Dark Times mod

What I've worked on:

•Several dozen unit classes
•Fifteen maps
•Four scripted singleplayer/multiplayer map modes
•Scripted sixteen-map campaign
•Management of testing and contributing creators

This mod - the "Dark Times" mod - was the largest-scope mod I'd put together for the game Star Wars Battlefront II. I'd previously worked on a mod with a larger scale (the "Conversion Pack" mod), but this mod is one I'm more proud of, since it represents some truly unique creations in the Battlefront II modding scene. 

I started this mod as a really, really basic concept. I was somewhat enamored, at the time, of the experience that brawlers (e.g. God of War) provided - the fluidity of interaction and the feeling of power that they lend the player. I played around with mirroring the concept inside Battlefront II with the intent of putting together a single-player one-versus-many experience. The full depth of the target wasn't something I thought I could realize, but after a little experimenting, I had come up with something that I felt was pretty close.

At some point, though, I decided that this would be better applied to a whole slew of "hero" characters in the game, though. I think (and thought) that Battlefront II's hero concept was a good one, in terms of rewarding the player with a powerful upgrade, but the experience with the upgrade left a little to be desired. To the end of fixing that, I decided to apply the changes I'd just made to the base hero system - and that became the core of the "Dark Times" mod.

Dark Times - hero changes
The first version of the mod was relatively simple. I focused heavily on the core of crafting these heroes in the style of brawlers, and I used the recently-released Star Wars brawler The Force Unleashed as inspiration. I designed a mode that was to be the primary showcase for these changes; "wave mode," a mode in which the character was pitted against steadily-increasing hordes of enemies, culmanating in "boss" battles that would represent completion of the mode.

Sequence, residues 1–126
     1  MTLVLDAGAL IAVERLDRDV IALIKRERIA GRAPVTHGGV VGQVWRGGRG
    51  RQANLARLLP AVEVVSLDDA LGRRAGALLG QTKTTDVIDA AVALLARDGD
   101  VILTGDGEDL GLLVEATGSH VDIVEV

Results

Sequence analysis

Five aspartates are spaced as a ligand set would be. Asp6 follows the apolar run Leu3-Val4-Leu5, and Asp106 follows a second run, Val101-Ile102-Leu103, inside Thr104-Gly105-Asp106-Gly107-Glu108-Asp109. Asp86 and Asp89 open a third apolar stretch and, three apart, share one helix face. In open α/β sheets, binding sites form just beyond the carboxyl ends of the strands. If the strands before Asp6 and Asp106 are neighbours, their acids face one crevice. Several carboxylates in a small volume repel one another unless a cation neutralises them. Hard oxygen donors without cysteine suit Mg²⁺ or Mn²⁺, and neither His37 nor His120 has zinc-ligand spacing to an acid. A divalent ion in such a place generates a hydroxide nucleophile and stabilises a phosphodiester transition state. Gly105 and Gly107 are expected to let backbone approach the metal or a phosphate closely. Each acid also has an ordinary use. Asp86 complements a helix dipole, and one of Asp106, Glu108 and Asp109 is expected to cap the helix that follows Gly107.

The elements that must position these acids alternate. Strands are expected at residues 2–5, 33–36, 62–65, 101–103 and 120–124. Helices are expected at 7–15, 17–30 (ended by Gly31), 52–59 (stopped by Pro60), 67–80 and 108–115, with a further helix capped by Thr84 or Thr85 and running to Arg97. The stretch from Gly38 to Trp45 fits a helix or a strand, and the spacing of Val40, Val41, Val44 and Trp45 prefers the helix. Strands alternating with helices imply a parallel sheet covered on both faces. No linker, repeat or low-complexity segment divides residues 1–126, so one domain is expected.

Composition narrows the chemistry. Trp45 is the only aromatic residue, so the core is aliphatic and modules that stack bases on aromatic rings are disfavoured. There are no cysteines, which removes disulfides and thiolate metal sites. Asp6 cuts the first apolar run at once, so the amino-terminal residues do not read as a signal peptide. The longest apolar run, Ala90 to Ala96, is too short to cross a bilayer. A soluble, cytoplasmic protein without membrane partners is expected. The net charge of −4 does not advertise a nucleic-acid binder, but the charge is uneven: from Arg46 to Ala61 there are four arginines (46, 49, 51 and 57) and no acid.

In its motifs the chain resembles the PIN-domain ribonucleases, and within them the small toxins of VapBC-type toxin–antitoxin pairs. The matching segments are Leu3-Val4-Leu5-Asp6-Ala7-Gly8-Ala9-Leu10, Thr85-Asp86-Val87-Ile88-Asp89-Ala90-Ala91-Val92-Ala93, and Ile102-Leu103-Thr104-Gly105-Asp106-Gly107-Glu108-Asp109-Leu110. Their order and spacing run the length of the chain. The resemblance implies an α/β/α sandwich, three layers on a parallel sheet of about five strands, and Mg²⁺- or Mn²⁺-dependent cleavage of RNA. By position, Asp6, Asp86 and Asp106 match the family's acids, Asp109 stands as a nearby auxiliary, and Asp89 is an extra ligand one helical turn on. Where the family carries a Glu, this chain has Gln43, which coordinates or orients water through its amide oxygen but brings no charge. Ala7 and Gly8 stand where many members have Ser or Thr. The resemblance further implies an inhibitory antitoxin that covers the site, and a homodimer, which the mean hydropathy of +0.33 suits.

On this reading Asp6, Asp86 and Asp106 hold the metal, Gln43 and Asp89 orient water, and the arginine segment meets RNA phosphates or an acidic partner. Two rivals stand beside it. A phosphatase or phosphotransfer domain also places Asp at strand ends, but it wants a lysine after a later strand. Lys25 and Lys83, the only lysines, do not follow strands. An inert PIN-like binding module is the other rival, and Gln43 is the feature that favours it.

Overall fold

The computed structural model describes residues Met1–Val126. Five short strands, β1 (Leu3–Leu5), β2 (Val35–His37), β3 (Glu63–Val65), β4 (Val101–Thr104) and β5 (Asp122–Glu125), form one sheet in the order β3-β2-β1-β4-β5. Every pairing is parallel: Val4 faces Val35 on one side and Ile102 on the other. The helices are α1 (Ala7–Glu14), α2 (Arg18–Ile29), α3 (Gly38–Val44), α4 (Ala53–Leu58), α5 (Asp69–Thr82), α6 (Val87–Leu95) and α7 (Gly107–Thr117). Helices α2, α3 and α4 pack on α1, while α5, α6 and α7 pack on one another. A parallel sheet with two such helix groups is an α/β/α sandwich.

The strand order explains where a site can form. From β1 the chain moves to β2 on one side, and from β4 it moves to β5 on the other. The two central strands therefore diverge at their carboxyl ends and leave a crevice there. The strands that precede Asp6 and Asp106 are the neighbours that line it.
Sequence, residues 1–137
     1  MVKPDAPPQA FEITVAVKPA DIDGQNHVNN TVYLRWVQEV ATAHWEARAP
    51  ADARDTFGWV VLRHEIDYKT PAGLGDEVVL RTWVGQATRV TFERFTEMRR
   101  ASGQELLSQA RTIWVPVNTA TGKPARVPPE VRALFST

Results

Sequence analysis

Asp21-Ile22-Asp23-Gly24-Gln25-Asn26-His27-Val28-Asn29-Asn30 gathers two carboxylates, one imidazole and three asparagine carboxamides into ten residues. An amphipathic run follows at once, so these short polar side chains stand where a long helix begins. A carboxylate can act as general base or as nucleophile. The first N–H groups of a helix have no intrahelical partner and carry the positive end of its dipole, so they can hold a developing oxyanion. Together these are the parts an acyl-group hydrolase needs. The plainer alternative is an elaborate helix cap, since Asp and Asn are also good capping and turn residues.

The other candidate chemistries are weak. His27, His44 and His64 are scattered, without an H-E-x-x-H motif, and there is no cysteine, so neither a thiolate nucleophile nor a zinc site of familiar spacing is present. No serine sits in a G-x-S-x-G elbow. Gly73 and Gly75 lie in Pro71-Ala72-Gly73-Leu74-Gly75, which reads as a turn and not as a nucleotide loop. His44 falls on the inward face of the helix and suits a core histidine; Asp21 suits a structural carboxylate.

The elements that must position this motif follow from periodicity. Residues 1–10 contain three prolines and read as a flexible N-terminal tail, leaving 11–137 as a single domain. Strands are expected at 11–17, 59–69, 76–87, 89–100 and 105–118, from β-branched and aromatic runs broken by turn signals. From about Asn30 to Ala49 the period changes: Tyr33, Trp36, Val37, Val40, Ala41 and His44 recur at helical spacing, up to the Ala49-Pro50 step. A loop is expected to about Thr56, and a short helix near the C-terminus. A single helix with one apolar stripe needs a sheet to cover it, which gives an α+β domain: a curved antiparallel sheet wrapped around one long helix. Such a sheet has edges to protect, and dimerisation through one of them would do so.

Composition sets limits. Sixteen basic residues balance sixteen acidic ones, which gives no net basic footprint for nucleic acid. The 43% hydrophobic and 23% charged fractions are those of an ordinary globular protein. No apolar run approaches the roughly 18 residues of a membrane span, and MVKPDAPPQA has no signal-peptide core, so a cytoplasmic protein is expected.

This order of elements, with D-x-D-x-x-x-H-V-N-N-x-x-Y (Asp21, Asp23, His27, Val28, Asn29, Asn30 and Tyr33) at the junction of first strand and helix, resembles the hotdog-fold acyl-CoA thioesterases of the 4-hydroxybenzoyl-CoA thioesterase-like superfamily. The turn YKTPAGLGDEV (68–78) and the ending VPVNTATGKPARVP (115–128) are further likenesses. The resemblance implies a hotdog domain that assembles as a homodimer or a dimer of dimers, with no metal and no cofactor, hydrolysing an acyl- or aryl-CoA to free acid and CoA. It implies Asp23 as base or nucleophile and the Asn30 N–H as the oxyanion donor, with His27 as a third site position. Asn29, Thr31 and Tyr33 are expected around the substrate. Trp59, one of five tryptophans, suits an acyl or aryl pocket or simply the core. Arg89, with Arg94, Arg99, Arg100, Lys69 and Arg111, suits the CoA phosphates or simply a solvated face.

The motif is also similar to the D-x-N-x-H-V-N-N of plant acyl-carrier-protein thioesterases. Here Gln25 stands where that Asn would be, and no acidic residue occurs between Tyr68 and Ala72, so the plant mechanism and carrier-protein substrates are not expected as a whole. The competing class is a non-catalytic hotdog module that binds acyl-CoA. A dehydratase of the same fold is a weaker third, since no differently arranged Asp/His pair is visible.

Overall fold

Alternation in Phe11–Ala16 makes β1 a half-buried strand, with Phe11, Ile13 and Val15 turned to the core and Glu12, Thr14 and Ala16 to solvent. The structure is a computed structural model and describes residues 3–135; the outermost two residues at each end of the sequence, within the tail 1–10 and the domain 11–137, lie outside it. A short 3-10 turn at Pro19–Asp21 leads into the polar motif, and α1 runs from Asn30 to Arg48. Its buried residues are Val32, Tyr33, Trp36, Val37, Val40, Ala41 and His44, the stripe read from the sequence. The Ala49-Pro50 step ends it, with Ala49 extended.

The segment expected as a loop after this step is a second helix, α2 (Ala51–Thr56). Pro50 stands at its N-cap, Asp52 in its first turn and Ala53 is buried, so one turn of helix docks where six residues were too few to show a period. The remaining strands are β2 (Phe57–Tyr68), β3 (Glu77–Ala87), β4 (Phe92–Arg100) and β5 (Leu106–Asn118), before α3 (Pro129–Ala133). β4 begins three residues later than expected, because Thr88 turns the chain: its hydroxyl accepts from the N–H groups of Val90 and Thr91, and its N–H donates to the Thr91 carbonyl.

I made various other changes as well - ancillary changes, things that were added simply to give me the opportunity to try them out in (what I now anticipated this being) a popular mod.

I released this first version of the mod, and it was fairly successful. For having been released so late in the game's lifespan, it received a fairly large amount of attention, despite its relatively small additions to the game.

A while later, after wrapping up a separate Battlefront II project, I started looking for the opportunity to try out a few map concepts I'd thought up in the interim. Usually, I'd make these as standalone map releases, but I had three or four just sticking in my craw, and I couldn't decide which of them I wanted to try the most. So I decided to do all of them, which meant that I'd be putting together a map pack or a full mod.

In completing the interim project, I'd also been ruminating on some small additions I'd liked to have made to the "Dark Times" project, but I didn't want to revisit the mod simply to make some small changes. Eventually, the concepts for the map pack and the desire for the Dark Times changes met up in my head and decided to work together, and so I set out to simply make a large update - a version 2.0 - of the Dark Times mod.

Kashyyyk Treetops map
I knew that, for the second version/update, I would have to expand, or at least redefine, the scope somewhat. I felt that the focus on brawling was a good one, and a great concept in actual play, but it had been successful in no small part due to its direct association with the Force Unleashed title. Since I wouldn't be mining that for inspiration this time around (the map concepts I had precluded that), I looked back at the original mod and parsed what it really did for the player.